Whether Slavic names should end with the form -ich, -icz, -itz, or -itch must depend on usage and not logic; and usage is sometimes confusing as, for example, when persons could have spelled their name according to German or Czech usage.
For a number of reasons (in part because of the ambiguity and interchangeability of the forms Aben and Ibn, but mainly because of the sheer weight of numbers) the Encyclopaedia has generally entered persons with quasi-surnames beginning with Ibn under the second name – but not in the case of accepted usage such as that of Abraham ibn Ezra who is always referred to as Ibn Ezra. Here too inconsistencies occur.
Problems have also arisen concerning the consistency of place names: the modern Slovakian town of Bratislava, for example, was famous in Jewish life as a center of scholarship as Pressburg, and is frequently referred to as such within a historical context. Both forms will therefore be found in the Encyclopaedia. In such instances the Index will prove an invaluable guide in coordinating the various references.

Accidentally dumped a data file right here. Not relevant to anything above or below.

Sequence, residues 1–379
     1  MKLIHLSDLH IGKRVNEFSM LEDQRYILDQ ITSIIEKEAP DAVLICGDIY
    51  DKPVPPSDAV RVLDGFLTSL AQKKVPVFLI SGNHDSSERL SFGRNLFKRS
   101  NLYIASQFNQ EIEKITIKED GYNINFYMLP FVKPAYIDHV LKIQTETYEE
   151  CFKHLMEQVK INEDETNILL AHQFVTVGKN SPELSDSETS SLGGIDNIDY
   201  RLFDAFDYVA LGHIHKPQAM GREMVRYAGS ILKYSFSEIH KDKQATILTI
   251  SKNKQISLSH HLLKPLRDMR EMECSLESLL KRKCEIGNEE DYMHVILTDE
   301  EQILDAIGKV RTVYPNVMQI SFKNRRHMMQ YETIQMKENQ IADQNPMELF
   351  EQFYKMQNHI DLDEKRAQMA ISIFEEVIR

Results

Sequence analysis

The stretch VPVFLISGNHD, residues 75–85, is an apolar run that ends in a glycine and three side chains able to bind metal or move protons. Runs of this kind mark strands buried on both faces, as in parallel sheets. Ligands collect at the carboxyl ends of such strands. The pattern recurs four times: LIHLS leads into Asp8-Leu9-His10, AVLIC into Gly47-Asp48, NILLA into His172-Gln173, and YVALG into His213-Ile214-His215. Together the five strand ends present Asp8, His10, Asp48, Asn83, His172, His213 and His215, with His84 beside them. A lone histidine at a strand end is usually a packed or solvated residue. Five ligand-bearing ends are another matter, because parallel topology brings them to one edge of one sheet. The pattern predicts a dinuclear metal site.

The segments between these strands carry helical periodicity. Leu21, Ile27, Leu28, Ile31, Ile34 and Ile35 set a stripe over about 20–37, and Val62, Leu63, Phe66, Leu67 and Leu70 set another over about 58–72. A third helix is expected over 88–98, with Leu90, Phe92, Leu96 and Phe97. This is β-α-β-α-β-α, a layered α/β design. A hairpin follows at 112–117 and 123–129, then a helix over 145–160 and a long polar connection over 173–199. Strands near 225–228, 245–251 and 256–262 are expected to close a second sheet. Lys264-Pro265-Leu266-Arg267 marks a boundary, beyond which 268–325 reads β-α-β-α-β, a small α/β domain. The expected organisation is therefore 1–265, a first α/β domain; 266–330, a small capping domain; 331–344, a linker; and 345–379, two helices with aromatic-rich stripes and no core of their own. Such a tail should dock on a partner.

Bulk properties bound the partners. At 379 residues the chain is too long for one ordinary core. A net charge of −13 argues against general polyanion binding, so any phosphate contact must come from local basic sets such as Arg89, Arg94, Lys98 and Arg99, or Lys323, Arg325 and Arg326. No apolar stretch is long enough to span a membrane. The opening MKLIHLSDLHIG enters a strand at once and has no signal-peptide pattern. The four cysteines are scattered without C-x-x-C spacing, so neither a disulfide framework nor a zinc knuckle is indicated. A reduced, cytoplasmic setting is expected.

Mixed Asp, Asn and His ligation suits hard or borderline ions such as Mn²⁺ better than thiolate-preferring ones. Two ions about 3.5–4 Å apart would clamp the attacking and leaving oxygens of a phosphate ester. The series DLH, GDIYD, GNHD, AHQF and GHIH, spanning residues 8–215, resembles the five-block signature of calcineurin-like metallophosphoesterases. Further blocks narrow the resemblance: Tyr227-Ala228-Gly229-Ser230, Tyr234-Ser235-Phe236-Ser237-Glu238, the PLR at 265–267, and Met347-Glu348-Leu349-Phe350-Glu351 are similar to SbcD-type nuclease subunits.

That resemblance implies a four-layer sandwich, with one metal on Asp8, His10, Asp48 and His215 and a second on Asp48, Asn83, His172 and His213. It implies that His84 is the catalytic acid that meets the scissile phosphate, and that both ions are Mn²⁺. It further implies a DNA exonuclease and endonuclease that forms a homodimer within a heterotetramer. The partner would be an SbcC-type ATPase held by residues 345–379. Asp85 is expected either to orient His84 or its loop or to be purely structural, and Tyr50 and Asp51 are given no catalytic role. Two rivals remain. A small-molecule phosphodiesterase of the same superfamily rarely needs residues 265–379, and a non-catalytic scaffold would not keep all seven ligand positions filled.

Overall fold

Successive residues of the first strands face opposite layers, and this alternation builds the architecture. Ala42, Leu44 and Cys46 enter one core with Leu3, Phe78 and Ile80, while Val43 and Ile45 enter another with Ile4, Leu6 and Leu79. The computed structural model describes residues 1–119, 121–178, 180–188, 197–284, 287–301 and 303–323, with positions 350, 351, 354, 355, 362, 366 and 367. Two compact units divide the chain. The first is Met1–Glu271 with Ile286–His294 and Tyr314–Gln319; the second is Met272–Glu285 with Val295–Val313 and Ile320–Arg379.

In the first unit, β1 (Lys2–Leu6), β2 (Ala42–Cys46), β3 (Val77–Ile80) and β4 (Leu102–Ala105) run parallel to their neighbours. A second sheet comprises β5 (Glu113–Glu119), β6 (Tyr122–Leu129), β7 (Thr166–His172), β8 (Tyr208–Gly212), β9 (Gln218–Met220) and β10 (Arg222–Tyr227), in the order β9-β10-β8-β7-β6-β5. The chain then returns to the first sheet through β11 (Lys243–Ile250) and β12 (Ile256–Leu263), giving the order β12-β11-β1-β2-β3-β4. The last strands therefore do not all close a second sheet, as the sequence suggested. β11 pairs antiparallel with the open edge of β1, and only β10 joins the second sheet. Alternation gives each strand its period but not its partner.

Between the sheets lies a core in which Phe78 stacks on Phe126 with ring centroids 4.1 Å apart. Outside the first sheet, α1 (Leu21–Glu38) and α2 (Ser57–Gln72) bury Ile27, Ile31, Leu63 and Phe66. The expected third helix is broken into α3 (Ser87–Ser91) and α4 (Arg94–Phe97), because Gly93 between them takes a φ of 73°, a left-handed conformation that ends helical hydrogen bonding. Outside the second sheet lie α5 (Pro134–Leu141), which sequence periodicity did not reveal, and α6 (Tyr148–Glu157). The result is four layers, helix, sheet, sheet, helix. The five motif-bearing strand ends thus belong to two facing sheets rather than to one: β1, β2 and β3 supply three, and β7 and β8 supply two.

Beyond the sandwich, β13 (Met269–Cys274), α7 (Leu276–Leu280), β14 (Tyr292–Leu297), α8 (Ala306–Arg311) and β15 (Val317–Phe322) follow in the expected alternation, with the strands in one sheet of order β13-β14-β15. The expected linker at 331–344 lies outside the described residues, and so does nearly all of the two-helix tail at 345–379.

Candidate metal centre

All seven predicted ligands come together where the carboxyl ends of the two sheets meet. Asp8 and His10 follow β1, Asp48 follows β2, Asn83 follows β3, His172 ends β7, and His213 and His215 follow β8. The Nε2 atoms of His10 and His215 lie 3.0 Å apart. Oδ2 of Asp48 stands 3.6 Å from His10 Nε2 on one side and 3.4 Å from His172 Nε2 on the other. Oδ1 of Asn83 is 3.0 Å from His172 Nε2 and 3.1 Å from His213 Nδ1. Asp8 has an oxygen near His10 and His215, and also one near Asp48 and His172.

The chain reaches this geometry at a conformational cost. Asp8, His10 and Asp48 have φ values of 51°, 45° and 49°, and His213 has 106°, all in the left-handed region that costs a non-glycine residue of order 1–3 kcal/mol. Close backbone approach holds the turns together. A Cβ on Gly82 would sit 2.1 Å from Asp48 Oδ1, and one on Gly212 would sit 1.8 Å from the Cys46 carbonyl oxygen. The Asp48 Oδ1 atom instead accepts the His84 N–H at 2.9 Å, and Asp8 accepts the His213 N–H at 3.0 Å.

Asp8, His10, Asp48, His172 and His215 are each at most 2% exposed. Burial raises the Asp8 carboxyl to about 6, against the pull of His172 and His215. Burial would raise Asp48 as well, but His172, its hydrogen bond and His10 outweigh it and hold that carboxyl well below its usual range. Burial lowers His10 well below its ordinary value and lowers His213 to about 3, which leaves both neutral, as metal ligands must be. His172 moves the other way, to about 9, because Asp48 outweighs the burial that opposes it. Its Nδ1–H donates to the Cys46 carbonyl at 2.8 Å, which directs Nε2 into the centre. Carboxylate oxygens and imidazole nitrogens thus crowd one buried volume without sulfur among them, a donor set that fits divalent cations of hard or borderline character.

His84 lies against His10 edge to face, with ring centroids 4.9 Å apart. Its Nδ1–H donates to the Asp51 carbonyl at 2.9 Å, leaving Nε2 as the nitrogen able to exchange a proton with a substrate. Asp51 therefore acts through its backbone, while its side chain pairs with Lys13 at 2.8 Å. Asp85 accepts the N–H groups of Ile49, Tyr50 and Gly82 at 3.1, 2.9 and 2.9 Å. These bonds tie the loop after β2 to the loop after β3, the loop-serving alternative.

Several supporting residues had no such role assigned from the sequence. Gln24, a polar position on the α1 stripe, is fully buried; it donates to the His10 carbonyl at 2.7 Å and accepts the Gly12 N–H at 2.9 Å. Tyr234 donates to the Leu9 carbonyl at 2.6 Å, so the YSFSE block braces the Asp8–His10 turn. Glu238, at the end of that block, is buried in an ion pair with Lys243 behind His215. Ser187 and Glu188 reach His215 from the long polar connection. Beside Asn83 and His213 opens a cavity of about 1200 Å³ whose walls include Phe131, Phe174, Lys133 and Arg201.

Certain concessions have led to inconsistencies with regard to Hebrew transliteration. Apart from the different systems that have been employed, common English usage has been taken into consideration in some cases. According to Encyclopaedia rules, the word for commandment should be transliterated miẓvah – but the spelling "bar mitzvah" has in fact passed into the English language as has "kibbutz" (not kibbuẓ) and matzah (or matzoh) and it is the accepted usage that has been adopted. Current Anglo-American usage refers, even in legislation, to ritually prepared food as "kosher" but in other contexts the term is transliterated according to Hebrew usage as kasher.